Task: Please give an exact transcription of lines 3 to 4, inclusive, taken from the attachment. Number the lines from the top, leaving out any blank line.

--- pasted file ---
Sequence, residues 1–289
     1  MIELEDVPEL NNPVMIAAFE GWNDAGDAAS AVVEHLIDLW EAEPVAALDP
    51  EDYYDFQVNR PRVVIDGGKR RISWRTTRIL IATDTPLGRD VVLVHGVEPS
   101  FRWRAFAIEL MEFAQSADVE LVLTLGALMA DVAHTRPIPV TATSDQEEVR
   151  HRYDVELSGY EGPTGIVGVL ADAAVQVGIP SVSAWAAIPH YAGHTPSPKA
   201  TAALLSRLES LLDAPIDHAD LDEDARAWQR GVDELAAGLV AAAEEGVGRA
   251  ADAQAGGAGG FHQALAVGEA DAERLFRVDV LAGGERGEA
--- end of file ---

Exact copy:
    51  EDYYDFQVNR PRVVIDGGKR RISWRTTRIL IATDTPLGRD VVLVHGVEPS
   101  FRWRAFAIEL MEFAQSADVE LVLTLGALMA DVAHTRPIPV TATSDQEEVR